The White House Office of Science and Technology Policy (OSTP) has described 2023 as the year of Open Science.7 Due to new regulations required by updated federal grant submission guidelines, a new culture of conducting science combined with data management and sharing has emerged.14 As a result, new models to teach with curated data from specific scientific disciplines are exposed. Data repositories, that can pull from existing research, are openly accessible, and curated data sets are now available to support teaching and learning. For example, Edwards describes multiple platforms to acquire, analyze, and visualize microbial genomic data.5 Multiple repositories exist for different STEM disciplines (Resource List 1). In my Immunology course, I use Immport to access flow cytometry data to model how to upload and analyze files in freely accessible Flowjo software, demonstrate quantitative analysis. In my Human Anatomy lecture, I use a student-centered approach in transcriptomics.13 Students use National Center for Biotechnology Information, NCBI, to observe RNA sequencing data (RNA-seq) from humans to determine expression in tissues of conditions they are interested in. These Digital Bioskill incorporations are valuable because all students can access them anytime, without fees, and on any digital device. A student’s resulting synthesis becomes a reflective topic I can use to write strong letters of recommendation for graduate and professional schools.

There is an increase in genomics analysis in the health curriculum and how health data will be analyzed, shared and protected.9 The All of Us Platform is becoming an important focus related to public health careers linking genomic data to social determinants of health.5 The data browser is free to the public and we can now search for health conditions and variables with a NIH supported platform and teach statistics and use data to teach data visualization concepts to improve student learning of quantitative analysis and the process of science Bioskills in an equitable way that engages all students due to open access. I have used the cloud-based All of Us Data Browser, free to the public, to engage students regarding prevalence of autoimmunity.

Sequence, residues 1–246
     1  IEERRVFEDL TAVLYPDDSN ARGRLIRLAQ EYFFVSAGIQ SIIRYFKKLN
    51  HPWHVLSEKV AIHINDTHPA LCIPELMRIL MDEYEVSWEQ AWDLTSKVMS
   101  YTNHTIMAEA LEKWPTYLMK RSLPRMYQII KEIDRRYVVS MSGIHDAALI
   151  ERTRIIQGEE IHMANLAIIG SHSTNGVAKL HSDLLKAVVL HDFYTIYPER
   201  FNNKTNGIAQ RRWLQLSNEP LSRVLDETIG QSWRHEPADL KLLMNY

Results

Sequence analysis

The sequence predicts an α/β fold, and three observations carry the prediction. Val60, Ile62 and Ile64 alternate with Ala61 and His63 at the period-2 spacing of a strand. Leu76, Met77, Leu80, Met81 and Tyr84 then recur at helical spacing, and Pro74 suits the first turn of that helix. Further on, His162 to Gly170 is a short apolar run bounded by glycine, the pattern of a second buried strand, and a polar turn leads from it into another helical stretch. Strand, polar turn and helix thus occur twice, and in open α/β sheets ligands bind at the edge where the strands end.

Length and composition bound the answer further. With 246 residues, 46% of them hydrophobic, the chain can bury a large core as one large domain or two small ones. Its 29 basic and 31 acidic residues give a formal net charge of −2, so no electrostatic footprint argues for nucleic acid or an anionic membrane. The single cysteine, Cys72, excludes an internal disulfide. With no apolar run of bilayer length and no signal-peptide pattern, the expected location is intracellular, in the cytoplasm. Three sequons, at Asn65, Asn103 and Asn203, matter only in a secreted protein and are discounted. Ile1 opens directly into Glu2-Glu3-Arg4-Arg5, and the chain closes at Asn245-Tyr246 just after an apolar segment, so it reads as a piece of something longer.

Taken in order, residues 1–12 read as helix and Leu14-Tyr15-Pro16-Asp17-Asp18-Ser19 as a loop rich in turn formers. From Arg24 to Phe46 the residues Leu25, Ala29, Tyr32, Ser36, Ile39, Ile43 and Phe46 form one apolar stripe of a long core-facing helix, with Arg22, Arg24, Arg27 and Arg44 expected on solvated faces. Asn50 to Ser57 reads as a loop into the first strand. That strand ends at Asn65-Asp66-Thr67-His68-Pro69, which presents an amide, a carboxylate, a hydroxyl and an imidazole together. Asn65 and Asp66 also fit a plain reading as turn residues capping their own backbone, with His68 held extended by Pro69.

We can assess undergraduate student digital learning with learning analytics. I gather analytics regarding the level of student access to determine how inclusion is occurring by creating hyperlinks to digital platforms with Bitly or QR codes. Bitly and QR Codegenerator can report numbers of engagement, the types of devices students use most, and when they access content. This informs the learning process as indicators of how inclusive digitally linked platforms are. Based on engagement, the need for greater use of technology can be revealed, which can inform grant proposals for course redesign projects.

Use Cloud-Based Computing for Data Analysis, Data Sharing, and Analytical Modeling to Engage Students in Quantitative Analysis Bioskills

Quantitative analysis engages students in deep learning in introductory undergraduate biology courses.23 While data analytics, data visualization, and statistical techniques are competences needed to succeed in the workplace, in 2021, Wiley reported only around 20% of teachers and faculty incorporate these skills in classroom experiences.31 Data analysis and creation of visualizations are transdisciplinary skills which develop conceptualization and can be implemented in collaborative projects with digital technology.6, 10, 12

Python and R are readily available providing a useful avenue for all students to become included in the data analysis process of science. Both are used for analyzing genomic data and incorporate unique visualization features for analyzing large genomic datasets, which is increasingly becoming a critical skill.12, 16, 21, 23, 25 Anaconda, a free cloud-based platform, offers a version of Python that can be implemented in undergraduate courses for performing analyses. Trainees and faculty can use GitHub, a portal to document code and access code. Professional development applications are beginning to ask for GitHub credentials. These can be used to identify individual and team scientific contributions similarly to the way ORCiD is used to document updated projects. In a recent Discover Biomedicine webinar with MD Anderson Cancer Center/UT Health Houston Graduate School for Biomedical Sciences, having students document Github projects was seen as a welcomed attribution and means of validating scientific contributions. Online training is available for learning more about coding and the process of science. For example, the DART platform offers educational modules covering coding and visualizations. The National Research Mentor Network offers training in lab readiness and mentoring. Generative AI, also emerging, can support calculations and paper editing.1 Through this lens, the use of these tools supports substantiating calculations of experimental results for example, achieving a positive aspect of reproducibility.